It would have been simpler if Paul "Fotie" Photenhauer, semen-cooking enthusiast, were more of a creep. Then it would have been easy to dismiss his self-published cookbooks, 2011's Natural Harvest: A Collection of Semen-Based Recipes and the new Semenology: The Semen Bartender's Handbook -- two volumes that literally made me throw up in my mouth a little bit when I received them.
Cafe Colma is just steps away from the card tables inside the Lucky... The security guard sweeps by our table at 2 a.m. and takes away our mostly empty bottle of cheap sparkling wine without a word. We hadn’t realized it was that late, but we’re not mad, just amused, as the security guard’s multitasking has become a recurring theme (we’ve also seen him act as host, buser and waiter).
It's a sad day indeed for those who drink the beloved Charles Shaw wine from Trader Joe's, affectionately nicknamed "Two Buck Chuck" for the $1.99 price tag. According to the Santa Rosa Press-Democrat, the wine's parent company, Bronco Wine Co., is raising prices because of bad crops in 2010 and 2011 that affected its 45,000 acres of vineyard land.
Muck Rack makes it simple to find people, tweets, or articles that mention any name, keyword, company, hashtag etc. We've compiled this guide to help you make the most of your search.
Selecting a term
Start searching tweets, articles from media outlets, articles mentioned in tweets, journalists'
names, titles and bios with some suggested searches:
Companies or Topics (e.g. iPhone, Microsoft)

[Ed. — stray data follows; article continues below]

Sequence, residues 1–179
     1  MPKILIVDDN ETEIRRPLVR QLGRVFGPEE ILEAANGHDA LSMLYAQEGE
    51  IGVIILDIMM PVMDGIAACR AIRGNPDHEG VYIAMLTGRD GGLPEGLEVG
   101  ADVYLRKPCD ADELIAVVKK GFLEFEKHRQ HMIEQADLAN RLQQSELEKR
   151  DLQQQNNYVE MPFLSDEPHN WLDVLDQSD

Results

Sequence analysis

Phrases (e.g. "cloud computing") — use quotes to keep the terms together
Twitter handles (e.g. @username) — returns those who have mentioned or replied to
Names (e.g. "David Pogue")
Hashtags (e.g. #sxsw, #london2012)
Bio details (e.g. vegan, Olympics, father)
Muck Rack's Advanced Search allows for many boolean operators.
Find results that mention multiple specified terms, use AND or
+. For example, ensure each result contains both Elon Musk and Mark Zuckerberg by
searching Musk AND Zuckerberg or Musk + Zuckerberg.
Use the operators OR or , to broaden your search when you'd like either of
multiple terms to appear in results. (This is the default behavior of our search when no operators
are used). For example, results will contain either cake or cookie by searching cake OR cookie or cake,cookie
Use NOT or - to subtract results from your search. For
example, searching Disney will yield results about the Walt Disney Company as well as Walt Disney
World Resort. To exclude mentions of Disney World, search for Disney -World or Disney
When using one of these operators with a phrase, enclose it in quotation marks. For example, you can
find results about smartphones excluding Apple's iPhone 4S by searching smartphone -"iPhone
Exact case matching or punctuation
If you're searching for a brand name or keyword that relies on specific punctuation marks or capitalization, you can
find results that match your exact query by adding matchcase: before the keyword you're searching for, like matchcase:E*TRADE .
Use parentheses to separate multiple
boolean phrases. For example, to find journalists talking about having fun in Disney World or
Disneyland, search for ("disney world" OR disneyland) AND fun.
An asterisk can be used to search for any variation of a root word truncated by the asterisk. For example, searching for admin* will return results for administrator, administration, administer, administered, etc.
A near operator is an AND operator where you can control the distance between the words. You can vary the distance the near operation uses by adding a forward slash and number (between 0-99) such as strawberries NEAR/10 "whipped cream", which means the strawberries must exist within 10 words of "whipped cream".